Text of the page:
Economic Shift from West to East Plays to Hong Kong’s Strengths
Apart from building skyscrapers and amazing infrastructure, Hong Kong prides itself on being a world-class financial center not by chance but by choice — a success story built on the free flow of information and capital coupled with the professionalism, consistency, and transparency of its regulatory regime.
In the opening keynote address at the CFA Institute Asia Pacific Investment Conference, the Hong Kong Secretary for Financial Services and the Treasury, Professor K.C. Chan, highlighted these and other fundamental strengths that have contributed to Hong Kong’s unique positioning in the global financial marketplace. His talk, which attracted local press attention (full remarks here), covered the evolution of regulations in Hong Kong; the continuous effort to develop Hong Kong into a financial hub; and the challenges that regulators face keeping pace with an ever-changing financial landscape.
On the policy front, Chan reiterated the advantages of Hong Kong’s “one country two systems” arrangement. This approach has been the core building block for Hong Kong’s internationally recognized financial infrastructure while also being part of China, he said.
The financial crisis in the United States and the lingering sovereign debt crisis roiling Europe have contributed to a shift of economic activity from the West to the East, Chan noted. This development has created an opportunity for Hong Kong to connect the international business community to emerging markets in Asia, particularly mainland China, he said.
Chan highlighted key milestones of the Hong Kong Stock Exchange (HKEx), from the 1993 listing of Tsingtao Brewery, the first of China’s state-owned enterprises to begin trading there, to Hong Kong becoming a designated renminbi center. As of February 2012, there were 645 mainland Chinese companies listed in Hong Kong, including all four state-owned banks; since 1993, they have raised a total of US$412 billion in capital.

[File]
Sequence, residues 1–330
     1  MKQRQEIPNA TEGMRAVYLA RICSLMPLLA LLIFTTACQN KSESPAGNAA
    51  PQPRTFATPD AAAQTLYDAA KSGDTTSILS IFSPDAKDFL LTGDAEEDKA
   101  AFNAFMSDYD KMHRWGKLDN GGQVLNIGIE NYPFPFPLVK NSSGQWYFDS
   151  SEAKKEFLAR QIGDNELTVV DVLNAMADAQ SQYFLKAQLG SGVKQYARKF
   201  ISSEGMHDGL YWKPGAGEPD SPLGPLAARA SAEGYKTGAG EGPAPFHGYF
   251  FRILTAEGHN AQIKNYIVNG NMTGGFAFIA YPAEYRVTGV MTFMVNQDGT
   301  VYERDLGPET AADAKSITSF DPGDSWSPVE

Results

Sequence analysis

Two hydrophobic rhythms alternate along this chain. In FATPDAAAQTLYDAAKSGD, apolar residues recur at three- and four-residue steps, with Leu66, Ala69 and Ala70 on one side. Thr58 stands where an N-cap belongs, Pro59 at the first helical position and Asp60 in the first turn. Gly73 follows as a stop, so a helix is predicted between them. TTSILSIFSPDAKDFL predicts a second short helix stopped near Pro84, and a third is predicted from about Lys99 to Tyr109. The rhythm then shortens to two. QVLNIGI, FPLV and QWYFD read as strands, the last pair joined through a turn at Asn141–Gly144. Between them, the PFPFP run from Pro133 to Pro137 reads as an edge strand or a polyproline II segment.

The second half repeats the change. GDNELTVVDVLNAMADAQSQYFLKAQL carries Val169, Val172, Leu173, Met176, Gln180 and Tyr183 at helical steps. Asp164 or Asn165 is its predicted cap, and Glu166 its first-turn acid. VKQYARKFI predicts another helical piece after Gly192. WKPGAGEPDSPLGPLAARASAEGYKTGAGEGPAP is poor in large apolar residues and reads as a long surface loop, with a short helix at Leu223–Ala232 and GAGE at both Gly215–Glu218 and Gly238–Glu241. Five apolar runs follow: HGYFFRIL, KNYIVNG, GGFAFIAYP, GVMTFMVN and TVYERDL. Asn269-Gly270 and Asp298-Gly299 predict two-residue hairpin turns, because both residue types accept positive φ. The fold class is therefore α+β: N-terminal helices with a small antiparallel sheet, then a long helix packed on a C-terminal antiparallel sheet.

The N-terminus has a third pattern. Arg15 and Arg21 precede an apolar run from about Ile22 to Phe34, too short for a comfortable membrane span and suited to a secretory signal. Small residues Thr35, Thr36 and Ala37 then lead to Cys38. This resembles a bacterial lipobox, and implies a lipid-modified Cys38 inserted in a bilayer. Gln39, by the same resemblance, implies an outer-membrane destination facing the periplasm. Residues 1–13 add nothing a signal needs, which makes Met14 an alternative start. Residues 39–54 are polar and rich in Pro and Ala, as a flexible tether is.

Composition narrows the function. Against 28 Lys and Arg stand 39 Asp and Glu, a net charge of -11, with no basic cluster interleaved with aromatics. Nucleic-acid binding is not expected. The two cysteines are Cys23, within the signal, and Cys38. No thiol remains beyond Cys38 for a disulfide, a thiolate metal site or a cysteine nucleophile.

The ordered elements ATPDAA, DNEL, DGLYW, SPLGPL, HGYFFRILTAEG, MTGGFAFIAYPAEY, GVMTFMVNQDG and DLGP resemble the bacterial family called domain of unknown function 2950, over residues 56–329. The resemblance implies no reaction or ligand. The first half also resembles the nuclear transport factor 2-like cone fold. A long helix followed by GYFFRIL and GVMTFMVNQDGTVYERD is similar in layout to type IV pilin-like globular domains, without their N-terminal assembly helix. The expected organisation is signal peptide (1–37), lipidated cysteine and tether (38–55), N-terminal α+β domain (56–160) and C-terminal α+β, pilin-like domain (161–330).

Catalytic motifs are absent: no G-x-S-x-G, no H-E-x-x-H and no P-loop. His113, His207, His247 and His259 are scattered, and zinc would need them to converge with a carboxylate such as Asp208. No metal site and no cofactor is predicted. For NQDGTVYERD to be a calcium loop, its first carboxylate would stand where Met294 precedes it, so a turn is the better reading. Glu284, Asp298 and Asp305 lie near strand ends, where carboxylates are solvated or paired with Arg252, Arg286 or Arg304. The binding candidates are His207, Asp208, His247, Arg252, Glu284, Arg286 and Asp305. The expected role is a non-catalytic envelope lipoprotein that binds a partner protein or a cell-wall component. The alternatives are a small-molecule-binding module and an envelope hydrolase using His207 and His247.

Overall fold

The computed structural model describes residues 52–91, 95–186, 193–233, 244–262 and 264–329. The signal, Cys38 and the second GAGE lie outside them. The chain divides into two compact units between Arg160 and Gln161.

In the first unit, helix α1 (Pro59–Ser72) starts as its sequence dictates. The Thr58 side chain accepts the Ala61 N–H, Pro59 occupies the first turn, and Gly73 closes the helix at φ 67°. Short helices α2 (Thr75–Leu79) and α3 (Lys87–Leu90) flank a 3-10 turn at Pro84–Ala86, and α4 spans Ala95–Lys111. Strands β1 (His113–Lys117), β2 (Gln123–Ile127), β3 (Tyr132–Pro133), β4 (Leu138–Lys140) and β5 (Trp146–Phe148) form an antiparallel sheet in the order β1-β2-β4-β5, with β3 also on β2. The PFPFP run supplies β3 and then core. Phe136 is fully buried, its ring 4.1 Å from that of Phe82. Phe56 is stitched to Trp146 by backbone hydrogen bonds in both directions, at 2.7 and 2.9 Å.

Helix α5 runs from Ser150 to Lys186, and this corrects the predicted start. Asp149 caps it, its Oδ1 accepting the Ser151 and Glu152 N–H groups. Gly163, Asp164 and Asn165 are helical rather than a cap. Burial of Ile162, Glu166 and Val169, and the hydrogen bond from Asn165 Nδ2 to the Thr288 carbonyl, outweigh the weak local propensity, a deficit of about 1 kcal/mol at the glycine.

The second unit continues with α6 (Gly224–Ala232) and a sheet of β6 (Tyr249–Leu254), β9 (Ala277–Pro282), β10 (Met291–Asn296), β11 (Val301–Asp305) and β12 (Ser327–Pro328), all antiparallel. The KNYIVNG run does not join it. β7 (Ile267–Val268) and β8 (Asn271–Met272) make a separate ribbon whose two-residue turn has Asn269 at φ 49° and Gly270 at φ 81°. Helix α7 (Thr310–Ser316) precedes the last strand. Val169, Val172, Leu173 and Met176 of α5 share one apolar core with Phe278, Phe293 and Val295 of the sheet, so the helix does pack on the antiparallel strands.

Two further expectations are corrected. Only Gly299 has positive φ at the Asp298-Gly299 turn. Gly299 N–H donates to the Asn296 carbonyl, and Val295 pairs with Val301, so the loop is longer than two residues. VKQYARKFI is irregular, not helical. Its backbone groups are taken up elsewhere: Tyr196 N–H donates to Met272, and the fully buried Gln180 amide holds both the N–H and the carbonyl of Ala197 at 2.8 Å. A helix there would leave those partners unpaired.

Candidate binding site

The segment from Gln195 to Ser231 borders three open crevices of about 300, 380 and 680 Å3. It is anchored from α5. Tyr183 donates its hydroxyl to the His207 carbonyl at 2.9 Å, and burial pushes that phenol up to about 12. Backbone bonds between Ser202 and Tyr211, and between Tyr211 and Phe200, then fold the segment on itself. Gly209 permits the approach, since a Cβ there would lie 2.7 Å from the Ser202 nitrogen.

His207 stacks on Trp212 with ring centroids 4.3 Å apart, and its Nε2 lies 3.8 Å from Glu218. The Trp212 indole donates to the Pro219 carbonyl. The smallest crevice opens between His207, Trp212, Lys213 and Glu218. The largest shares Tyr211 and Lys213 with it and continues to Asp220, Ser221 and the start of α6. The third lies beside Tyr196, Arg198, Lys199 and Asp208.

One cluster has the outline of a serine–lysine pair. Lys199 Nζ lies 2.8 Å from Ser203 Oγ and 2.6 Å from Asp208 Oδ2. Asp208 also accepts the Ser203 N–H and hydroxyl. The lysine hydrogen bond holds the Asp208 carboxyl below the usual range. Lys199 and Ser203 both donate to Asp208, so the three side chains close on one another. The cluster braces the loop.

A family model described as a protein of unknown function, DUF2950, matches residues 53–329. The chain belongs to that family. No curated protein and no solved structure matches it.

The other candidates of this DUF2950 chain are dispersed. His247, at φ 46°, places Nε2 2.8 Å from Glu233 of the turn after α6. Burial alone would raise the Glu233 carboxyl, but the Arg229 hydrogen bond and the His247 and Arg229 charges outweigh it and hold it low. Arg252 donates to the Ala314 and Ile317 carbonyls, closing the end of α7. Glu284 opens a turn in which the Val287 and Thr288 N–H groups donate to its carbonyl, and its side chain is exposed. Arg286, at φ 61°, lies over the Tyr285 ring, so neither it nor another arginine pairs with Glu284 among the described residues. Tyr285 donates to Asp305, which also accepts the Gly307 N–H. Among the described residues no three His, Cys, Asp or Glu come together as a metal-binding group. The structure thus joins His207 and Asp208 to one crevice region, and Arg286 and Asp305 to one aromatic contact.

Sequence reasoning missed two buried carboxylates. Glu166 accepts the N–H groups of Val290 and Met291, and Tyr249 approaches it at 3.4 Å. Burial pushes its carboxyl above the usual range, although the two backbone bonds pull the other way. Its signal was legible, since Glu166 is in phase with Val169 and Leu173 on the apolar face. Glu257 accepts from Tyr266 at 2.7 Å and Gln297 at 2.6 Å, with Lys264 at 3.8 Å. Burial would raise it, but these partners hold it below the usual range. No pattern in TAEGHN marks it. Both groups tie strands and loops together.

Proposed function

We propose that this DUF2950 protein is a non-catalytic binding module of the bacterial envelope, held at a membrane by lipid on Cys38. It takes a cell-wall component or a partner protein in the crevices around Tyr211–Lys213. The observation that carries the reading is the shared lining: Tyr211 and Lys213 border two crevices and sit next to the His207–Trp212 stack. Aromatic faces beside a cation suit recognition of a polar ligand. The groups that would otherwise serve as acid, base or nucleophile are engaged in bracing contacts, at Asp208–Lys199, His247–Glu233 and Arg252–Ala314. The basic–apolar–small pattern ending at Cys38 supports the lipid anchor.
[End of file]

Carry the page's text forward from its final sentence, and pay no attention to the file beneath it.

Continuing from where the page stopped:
International investors and professional advisers alike appreciate the established market discipline in Hong Kong, including best practices in corporate governance, accounting standards, disclosure, and management. Hong Kong listings have been key to achieving attractive valuations for mainland Chinese companies, providing them with access to a deep pool of international liquidity, and delivering assurances of quality to investors, Chan said. These factors have led naturally to the listing of non-Hong Kong and non-Chinese companies seeking not only to secure a presence in Asia but also to build their brands.
With US$122 billion raised in equity IPOs from 2009 to 2011, Hong Kong has achieved the top ranking in the world, surpassing both the New York and London stock exchanges combined.
Chan briefly talked about the uncertainty in 1990 that led to the re-domiciliation of Hong Kong-listed companies and the evolution of Hong Kong listing rules. The shift in focus in 2009 was to manage the sudden surge in demand on the part of what he called “genuine foreign companies” to list in Hong Kong, including such names as France’s L’Occitane International S.A., Brazil’s Vale S.A., Russia’s RUSAL, and Prada S.p.A. of Italy.
Chan concluded his talk by assuring delegates that Hong Kong regulators are not complacent and will continue to work to bring continuous improvement to Hong Kong financial markets. They are re-examining the uniformity, efficiency and user-friendliness of the listing process — both equity and debt — while keeping the core focus on investor protection, market integrity, and enforcement, he said.
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